Thomas Hardy is known the world over for his dramatic stories about Wessex. He’s the most famous person to ever come out of Dorset, my beloved home county. His most famous work is Tess of the D’Urbervilles, a tale about a woman who is betrayed by men and meets a tragic end, after a hard life. It sounds depressing, but that’s because the life of a rural peasant wasn’t easy in Victorian times. Paintings and novels often romanticised the lives of poor, country folk, and Thomas Hardy set about rectifying that issue.
Hardy was born to an upper working class family near Dorchester, the county town of Dorset. His family couldn’t afford to send him to university, so he left school at 16. He eventually saved up the money himself to go to King’s College, now part of the University of London. But he returned to Dorset soon afterwards, and decided to dedicate his life to writing about the county he loved. His writing was recognised by many at the time as being of a very high standard, and was nominated for the Nobel Prize in literature twice. He died in Dorset, but has been buried in Westminster Abbey’s “Poet’s Corner”, alongside writers such as Chaucer and Dickens.
As well as many books, Hardy also wrote lots of poems. Poems like “The Blinded Bird” and “The Man He Killed” reflect his opinions on political issues, like animal cruelty and war, respectively. His poems weren’t as popular as his novels, though. As well as Tess of the D’Urbervilles, Hardy wrote Far From the Madding Crowd, The Mayor of Casterbridge, and Jude the Obscure. Themes in his work often cover class divisions, relationships between men and women, and the role of chance in the lives of ordinary people.
Thomas Hardy’s work is mostly set in Wessex, which roughly corresponds to the old Anglo-Saxon Kingdom. Major towns included Casterbridge (Dorchester) and Christminster (Oxford). The region was very large, and included Cornwall, Devon, Dorset, Somerset, Hampshire, even as far east as Windsor. If you go to Dorset, you’ll find the National Trust owns both Hardy’s birthplace, and Max Gate, a house he designed for himself. So you can go round and have a look! Maybe you’d like to take a tour of the county based on the places in his works, you’ll really feel like his work is coming to life.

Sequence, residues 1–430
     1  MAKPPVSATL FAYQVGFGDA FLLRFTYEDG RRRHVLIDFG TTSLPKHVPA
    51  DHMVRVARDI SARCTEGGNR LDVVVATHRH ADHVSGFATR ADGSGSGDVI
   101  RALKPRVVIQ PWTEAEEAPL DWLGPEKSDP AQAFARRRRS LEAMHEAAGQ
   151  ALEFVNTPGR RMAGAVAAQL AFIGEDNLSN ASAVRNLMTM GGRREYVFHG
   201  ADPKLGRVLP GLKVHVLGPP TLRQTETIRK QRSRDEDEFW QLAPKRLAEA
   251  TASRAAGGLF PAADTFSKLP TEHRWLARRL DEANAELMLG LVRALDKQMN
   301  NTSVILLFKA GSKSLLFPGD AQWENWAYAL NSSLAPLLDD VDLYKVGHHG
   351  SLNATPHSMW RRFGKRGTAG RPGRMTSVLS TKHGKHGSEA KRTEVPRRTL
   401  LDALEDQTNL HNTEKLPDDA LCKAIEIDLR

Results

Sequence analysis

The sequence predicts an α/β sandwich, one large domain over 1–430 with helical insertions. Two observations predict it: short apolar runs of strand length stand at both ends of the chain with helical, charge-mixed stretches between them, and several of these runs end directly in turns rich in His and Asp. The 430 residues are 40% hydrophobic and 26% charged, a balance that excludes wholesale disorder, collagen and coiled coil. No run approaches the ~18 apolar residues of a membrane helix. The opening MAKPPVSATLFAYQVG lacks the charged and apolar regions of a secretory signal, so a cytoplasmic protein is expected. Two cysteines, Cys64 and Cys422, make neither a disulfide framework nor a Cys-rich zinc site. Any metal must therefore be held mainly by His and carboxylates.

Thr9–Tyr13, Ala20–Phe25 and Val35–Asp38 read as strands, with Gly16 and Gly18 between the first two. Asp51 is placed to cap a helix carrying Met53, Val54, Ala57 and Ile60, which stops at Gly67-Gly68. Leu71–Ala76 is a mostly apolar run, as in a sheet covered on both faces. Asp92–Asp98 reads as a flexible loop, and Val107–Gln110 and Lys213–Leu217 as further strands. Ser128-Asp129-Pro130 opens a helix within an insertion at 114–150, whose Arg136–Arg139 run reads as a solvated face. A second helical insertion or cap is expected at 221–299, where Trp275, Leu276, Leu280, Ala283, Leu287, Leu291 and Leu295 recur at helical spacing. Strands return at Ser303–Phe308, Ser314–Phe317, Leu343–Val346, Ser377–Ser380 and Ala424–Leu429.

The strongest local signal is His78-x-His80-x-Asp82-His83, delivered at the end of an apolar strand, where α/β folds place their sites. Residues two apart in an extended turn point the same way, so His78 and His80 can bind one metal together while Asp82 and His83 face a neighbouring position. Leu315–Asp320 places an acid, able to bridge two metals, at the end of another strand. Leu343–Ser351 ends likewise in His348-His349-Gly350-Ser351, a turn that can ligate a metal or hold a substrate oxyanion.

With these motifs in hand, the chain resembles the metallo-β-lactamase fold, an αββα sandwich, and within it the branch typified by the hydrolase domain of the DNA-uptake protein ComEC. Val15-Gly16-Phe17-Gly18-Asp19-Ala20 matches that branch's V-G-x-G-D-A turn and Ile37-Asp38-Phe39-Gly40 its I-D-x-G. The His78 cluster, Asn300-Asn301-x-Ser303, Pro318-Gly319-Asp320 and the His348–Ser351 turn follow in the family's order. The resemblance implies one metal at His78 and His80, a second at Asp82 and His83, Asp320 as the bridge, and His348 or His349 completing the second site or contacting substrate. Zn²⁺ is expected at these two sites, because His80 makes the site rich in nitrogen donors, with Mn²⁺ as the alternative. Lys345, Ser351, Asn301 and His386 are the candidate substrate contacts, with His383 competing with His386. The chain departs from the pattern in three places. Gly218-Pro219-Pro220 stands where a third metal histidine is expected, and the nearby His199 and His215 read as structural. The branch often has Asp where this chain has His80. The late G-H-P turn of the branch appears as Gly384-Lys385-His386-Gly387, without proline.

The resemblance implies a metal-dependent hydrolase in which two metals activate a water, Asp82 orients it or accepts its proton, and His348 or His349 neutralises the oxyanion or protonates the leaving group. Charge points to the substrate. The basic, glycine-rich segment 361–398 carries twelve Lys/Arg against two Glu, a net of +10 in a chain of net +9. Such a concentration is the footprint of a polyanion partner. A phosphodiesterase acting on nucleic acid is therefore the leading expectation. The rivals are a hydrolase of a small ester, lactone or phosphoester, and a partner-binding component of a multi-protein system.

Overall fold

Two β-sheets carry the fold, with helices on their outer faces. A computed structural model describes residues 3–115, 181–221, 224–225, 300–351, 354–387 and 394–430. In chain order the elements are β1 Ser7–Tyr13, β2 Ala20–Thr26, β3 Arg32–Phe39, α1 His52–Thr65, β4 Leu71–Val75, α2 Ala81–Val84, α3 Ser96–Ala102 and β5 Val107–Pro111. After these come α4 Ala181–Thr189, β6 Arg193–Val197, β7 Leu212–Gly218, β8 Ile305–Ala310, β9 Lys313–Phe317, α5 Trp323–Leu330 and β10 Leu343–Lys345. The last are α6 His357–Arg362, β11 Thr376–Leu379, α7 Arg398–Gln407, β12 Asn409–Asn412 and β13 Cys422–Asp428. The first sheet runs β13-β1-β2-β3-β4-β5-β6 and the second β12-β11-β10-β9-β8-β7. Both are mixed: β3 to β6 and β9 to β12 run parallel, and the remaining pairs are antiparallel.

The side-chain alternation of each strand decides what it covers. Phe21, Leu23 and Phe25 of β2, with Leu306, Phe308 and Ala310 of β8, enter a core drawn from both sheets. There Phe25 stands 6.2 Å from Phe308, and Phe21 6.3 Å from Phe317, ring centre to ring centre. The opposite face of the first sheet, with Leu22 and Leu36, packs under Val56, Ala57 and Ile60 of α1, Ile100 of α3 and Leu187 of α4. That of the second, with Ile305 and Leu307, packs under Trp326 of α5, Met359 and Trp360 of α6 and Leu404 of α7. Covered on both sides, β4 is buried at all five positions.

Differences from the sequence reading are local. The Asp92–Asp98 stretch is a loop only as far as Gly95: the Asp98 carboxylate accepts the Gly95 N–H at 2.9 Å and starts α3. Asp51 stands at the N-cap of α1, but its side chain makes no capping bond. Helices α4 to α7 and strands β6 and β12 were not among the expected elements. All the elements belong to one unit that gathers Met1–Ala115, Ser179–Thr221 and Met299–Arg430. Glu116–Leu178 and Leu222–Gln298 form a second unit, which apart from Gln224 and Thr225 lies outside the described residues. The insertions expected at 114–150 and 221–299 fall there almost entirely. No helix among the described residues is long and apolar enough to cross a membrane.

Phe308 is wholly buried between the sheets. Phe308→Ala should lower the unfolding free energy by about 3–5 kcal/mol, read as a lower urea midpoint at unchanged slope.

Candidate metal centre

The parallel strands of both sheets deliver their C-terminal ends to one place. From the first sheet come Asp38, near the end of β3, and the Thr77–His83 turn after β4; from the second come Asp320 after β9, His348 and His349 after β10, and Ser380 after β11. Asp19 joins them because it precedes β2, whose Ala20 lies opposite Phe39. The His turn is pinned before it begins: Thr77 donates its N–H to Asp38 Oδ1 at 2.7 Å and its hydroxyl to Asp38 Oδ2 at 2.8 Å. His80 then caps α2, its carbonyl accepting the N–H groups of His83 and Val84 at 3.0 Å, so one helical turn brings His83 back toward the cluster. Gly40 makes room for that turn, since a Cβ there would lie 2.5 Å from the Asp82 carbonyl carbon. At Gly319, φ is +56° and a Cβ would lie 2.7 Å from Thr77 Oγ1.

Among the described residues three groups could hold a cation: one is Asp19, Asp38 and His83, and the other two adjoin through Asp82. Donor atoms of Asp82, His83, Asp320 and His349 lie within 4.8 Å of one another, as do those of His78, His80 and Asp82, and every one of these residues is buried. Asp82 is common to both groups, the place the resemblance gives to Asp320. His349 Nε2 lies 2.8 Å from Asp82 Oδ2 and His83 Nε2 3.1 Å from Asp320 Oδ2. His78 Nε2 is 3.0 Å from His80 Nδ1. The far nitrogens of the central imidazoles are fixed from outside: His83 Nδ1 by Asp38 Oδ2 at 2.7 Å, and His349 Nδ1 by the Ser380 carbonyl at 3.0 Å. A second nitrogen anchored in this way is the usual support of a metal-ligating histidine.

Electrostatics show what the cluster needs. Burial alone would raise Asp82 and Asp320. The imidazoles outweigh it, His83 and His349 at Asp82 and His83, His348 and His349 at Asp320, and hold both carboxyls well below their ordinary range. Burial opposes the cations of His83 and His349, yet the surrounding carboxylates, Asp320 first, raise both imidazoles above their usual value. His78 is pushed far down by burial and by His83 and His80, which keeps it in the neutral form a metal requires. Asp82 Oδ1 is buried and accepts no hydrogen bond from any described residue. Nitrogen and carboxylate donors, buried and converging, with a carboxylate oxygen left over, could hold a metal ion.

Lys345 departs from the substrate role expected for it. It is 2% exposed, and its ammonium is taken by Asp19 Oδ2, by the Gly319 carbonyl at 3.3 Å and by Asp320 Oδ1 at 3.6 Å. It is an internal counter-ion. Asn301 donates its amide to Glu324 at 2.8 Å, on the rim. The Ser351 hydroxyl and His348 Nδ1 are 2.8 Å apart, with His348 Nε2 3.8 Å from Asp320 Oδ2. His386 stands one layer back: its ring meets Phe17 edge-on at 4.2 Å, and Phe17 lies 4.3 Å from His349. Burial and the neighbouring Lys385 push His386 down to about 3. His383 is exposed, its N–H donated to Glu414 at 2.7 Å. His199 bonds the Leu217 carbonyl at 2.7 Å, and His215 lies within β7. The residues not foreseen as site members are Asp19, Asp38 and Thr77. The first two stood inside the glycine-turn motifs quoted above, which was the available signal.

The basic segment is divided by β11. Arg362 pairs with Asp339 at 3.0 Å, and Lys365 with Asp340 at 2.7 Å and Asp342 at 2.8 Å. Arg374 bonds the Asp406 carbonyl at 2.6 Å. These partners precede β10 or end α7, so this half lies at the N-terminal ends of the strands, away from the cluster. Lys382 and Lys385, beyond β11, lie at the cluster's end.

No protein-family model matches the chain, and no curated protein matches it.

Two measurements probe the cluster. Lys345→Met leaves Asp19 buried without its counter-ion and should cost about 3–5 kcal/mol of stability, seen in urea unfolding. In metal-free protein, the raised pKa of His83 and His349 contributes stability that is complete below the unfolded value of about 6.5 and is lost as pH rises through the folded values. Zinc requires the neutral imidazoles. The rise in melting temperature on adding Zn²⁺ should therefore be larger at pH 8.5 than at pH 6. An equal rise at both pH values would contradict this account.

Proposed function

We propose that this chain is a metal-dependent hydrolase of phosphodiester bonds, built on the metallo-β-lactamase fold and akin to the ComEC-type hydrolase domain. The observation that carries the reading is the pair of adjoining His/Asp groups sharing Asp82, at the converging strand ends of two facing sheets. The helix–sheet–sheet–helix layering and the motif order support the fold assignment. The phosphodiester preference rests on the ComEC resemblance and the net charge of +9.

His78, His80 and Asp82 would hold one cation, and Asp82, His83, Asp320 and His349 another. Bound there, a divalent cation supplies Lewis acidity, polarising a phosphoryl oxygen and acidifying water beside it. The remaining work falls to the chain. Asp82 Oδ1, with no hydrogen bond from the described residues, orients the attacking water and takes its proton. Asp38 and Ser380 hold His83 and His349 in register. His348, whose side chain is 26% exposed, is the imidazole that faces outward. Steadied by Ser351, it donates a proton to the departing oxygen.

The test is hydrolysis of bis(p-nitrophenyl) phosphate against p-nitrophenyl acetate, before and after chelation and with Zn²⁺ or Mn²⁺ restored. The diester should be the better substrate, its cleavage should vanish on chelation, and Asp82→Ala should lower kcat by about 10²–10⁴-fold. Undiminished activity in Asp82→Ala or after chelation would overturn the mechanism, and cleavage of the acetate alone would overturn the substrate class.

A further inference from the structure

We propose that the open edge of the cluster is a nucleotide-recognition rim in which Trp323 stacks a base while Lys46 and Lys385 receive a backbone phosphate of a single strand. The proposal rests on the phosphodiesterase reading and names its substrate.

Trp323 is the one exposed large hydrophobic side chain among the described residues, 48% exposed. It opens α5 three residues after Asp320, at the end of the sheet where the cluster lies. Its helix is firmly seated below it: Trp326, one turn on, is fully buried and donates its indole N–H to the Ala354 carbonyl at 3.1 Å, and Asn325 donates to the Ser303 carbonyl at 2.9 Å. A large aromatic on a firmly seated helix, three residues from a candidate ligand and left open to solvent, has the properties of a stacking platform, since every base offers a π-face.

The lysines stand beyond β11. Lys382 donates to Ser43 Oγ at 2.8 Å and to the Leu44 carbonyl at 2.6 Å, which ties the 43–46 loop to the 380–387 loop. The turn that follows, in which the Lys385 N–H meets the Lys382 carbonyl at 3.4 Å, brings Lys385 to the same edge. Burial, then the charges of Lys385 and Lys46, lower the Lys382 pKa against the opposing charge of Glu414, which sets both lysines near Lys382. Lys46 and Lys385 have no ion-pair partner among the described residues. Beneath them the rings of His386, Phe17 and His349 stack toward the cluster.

Thomas Hardy is still relevant to many of us, not least because we study him at A-Level. Some of the themes he covered in his work truly challenged the strict Victorian conventions of the day – he wrote complicated female characters, he showed how marriage and sexual conventions could be repressive, and even his views on religion were ambiguous. Lots of students complain and says he spends far too long talking about the Dorset countryside, but the Dorset countryside is a very interesting and beautiful place, so there’s a lot to say! So if you ever have to study him at school, keep an open mind. He’s very different to lots of the other authors at the time, and who knows? Maybe all that talk of fresh air and the countryside will rub off a little on you. Perhaps you’ll find him as refreshing as the Dorset air itself.
Image from: http://www.telegraph.co.uk/culture/books/10563431/Top-15-most-depressing-books.html